In trading, there are periods when trends change whether that be in the type of technical analysis used or the instruments traded. In the early 2000’s there were Covered Warrants, then a few futures contracts slowly made their way into the picture…then options. Even bitcoin ending with the more recent Binary Options. However, the backdrop to all of these markets has always been the big shadow of the forex market, a mysterious entity that was unleashed on the world of trading taking on different meanings – in the beginning it was the mysterious and fascinating world of currencies. This soon transformed into the go to place for survivors of other markets, aided by attractive offers by various brokers and a massive advertising campaign to boot.
What attracted people to trade in the Forex market? I believe the answer lies in two main factors: The 24 hour accessibility and, above all, the leverage which was being offered.
The fact that we can trade any hour of the day or night is alluring because it gives the impression that we can reconcile our trading activities with that of the office job which “obligates” us to stay far away from the monitors during the central hours of the day. Unfortunately, many markets also appear to “punch out” of work and, as such, tend to move too slowly to create compelling trading setups. Overlooking this aspect, let’s touch on the most delicate theme linked to forex – leverage.
Figure 1: The effect of leverage
Due to the way it’s marketed, online trading is often considered a blissful oasis where you can’t help but make money or, worse still, as a way to save yourself from a difficult financial situation. Thanks to the leverage provided, forex allows us to trade with small sums of money whilst moving large amounts of capital within the markets. This allows us to amplify our winnings…or at least this is the message perceived.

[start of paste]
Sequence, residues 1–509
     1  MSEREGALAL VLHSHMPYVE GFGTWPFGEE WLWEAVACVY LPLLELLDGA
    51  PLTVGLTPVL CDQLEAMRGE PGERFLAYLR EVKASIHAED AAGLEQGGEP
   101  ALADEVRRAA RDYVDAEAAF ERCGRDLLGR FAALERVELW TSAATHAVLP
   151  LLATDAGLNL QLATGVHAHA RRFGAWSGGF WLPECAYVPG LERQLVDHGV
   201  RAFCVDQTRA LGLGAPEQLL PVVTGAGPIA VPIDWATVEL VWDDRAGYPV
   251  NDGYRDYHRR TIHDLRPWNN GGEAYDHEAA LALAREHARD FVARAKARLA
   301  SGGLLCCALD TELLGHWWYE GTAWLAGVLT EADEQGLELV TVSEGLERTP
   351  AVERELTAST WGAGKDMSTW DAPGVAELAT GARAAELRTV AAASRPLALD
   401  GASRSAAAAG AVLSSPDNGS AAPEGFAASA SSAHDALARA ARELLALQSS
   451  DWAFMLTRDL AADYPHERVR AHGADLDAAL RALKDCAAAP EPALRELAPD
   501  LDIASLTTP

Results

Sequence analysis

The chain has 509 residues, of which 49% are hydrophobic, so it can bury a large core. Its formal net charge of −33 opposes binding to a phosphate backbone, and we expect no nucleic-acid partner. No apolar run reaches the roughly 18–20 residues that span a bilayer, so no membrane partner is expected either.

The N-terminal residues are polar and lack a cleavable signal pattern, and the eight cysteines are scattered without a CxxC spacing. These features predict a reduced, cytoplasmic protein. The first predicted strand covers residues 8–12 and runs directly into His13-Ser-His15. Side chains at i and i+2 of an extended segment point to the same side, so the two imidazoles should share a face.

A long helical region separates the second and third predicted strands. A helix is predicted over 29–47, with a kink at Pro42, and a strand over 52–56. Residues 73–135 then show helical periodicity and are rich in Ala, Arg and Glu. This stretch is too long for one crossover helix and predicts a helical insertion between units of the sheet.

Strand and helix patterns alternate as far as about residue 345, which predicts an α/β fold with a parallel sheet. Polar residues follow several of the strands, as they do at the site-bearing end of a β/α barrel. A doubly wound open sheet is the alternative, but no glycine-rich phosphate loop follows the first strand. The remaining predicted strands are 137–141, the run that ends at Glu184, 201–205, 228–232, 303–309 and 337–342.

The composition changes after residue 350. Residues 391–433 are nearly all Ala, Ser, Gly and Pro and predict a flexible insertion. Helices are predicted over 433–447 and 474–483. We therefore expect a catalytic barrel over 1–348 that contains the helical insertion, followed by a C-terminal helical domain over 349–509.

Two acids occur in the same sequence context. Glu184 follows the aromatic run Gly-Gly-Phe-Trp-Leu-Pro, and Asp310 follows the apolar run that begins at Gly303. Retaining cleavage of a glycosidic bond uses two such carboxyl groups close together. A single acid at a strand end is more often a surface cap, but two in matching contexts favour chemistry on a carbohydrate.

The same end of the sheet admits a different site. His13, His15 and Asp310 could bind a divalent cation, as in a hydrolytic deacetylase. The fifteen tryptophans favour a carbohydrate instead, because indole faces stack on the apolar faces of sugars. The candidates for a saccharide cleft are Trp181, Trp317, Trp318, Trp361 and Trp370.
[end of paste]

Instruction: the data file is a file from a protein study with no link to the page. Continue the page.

In my line of work, I’m often contacted by the unemployed or people in financial difficulty who are in search of a solution to their financial woes. The general consensus is that there is a secret formula that will allow mistakes to be avoided or, at the very least, allow the gains to outweigh the losses. Assuming this to be true, people think that the logical next step can be none other than to use the aforementioned formula with as much capital as possible in order to maximize their gains.
This is where leverage enters the picture with its accompanying commercial messages: “With $1000 you can trade with $100,000 buying power!” (100:1 leverage), “Make 1% and you will DOUBLE your account…” and so on and so forth.